Pompeo: ‘Impossible’ for Firing of Inspector General to be Retaliatory

May 20, 2020 Updated: May 20, 2020

Secretary of State Mike Pompeo on Wednesday confirmed he asked President Donald Trump to fire the State Department inspector general but insisted it wasn’t done in retaliation.

“Let’s be clear: there are claims this was for retaliation for some investigation that the inspector general’s office here was engaged in. That’s patently false. I have no sense what investigations were taking place inside the inspector general’s office,” Pompeo told reporters in Washington.

Trump late Friday informed Congress he was firing Steve Linick, the inspector general, telling lawmakers that he lacked enough confidence in Linick to keep him in the position.

Trump later said Pompeo recommended the firing.

“I recommended to the president that Steve Linick be terminated. Frankly, should have done it some time ago,” Pompeo said Wednesday.

He refused to disclose the rationale for his recommendations, saying he doesn’t discuss personnel matters with the press. The reasoning will be shared with “the appropriate people,” Pompeo said.

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State Department Inspector General Steve Linick departs the U.S. Capitol in Washington on Oct. 2, 2019. (Win McNamee/Getty Images)

Lawmakers on both sides of the aisle have asked for more detailed rationale than what was described in Trump’s letter.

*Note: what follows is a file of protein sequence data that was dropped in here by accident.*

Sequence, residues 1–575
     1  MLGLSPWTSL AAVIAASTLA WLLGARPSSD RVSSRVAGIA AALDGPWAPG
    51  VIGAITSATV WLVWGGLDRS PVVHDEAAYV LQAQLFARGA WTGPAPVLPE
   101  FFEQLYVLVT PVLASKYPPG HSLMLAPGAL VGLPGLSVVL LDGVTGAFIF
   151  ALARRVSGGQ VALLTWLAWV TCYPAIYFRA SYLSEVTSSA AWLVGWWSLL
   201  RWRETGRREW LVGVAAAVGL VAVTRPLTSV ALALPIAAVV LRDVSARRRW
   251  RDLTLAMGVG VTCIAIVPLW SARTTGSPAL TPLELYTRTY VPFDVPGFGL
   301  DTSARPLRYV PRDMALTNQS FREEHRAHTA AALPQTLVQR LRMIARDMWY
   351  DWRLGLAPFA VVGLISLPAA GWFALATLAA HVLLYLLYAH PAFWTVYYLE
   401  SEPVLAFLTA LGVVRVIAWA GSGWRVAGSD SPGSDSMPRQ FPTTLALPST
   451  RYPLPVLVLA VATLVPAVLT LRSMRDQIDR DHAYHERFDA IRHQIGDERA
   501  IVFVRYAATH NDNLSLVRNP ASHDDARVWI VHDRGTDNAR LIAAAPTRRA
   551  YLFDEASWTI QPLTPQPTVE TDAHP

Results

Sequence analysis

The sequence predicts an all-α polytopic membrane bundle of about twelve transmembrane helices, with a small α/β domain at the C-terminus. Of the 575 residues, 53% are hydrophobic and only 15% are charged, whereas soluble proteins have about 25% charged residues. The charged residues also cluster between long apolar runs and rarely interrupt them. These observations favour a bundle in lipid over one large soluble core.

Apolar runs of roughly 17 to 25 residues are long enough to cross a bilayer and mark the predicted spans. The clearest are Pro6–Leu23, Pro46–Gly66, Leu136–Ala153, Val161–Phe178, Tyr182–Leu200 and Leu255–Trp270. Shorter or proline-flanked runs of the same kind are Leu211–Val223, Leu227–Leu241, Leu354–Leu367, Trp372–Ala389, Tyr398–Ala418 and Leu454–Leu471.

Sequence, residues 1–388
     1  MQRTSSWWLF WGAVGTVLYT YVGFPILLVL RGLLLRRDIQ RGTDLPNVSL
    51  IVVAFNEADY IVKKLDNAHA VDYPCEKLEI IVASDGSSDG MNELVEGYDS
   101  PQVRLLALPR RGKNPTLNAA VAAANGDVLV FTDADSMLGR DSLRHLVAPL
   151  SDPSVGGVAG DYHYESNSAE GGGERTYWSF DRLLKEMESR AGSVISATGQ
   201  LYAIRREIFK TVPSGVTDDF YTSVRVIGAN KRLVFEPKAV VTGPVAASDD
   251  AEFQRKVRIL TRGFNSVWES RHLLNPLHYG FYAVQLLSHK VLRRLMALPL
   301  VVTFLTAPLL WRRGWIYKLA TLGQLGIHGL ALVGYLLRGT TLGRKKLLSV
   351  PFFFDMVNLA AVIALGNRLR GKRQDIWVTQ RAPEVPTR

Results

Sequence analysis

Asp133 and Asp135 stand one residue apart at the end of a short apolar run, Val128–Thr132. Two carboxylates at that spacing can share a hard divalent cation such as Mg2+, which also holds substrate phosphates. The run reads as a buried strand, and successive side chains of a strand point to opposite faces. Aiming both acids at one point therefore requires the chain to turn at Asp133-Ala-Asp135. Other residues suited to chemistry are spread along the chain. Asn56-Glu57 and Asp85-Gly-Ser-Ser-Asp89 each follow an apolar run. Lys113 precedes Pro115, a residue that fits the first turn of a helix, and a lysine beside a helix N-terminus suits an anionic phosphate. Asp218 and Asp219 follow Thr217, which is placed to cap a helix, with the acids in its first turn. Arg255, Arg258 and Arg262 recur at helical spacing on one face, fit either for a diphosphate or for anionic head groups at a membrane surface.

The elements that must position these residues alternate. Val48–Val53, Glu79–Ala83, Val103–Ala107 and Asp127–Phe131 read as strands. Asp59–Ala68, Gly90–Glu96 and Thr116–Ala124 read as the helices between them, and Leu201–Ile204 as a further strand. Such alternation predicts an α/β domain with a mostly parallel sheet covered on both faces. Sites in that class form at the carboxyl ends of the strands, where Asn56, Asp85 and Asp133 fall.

“Congress requires written reasons justifying an IG’s removal. A general lack of confidence simply is not sufficient detail to satisfy Congress,” Sen. Chuck Grassley (R-Iowa) said in a recent statement.

House Foreign Affairs Chairman Eliot Engel (D-N.Y.) and Senate Foreign Relations Chairman Bob Menendez (D-N.J.) are investigating the firing, alleging it may have been linked to a probe Linick was conducting over arm sales to Saudi Arabia.

Pompeo accused Menendez’s office of leaking false stories about the motivation for the firing, which have included anonymously sourced reports alleging Linick was probing whether Pompeo ordered staff to pick up dry cleaning and walk his dog.

“This is all coming through the office of Senator Menendez. I don’t get my ethics guidance from a man who was criminally prosecuted. … A man for whom his Senate colleagues, bipartisan, said, basically, that he was taking bribes,” Pompeo said.

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Sen. Robert Menendez (D-N.J.) speaks to reporters in Washington on Feb. 25, 2020. (Chip Somodevilla/Getty Images)

Menendez and a friend were charged in 2015 with conspiracy, bribery, and fraud. The senator allegedly helped the friend, a doctor, in exchange for political contributions and gifts.

The trial ended in 2017 in a mistrial and the Department of Justice decided not to pursue a retrial. The Senate Ethics Committee officially admonished Menendez the next year.

Menendez in a statement said Pompeo “is now trying diversion tactics by attempting to smear me.”

The timing of the firing ” reeks to the high heavens that obviously what he was investigating was problematic for the Secretary of State,” Menendez added during an appearance on CNN earlier Wednesday.

The firing “is an assault on the checks [and balances] over the agencies of the federal government and that’s why we need to investigate it,” he said.

Mimi Nguyen Ly, Janita Kan, and Tom Ozimek contributed to this report.

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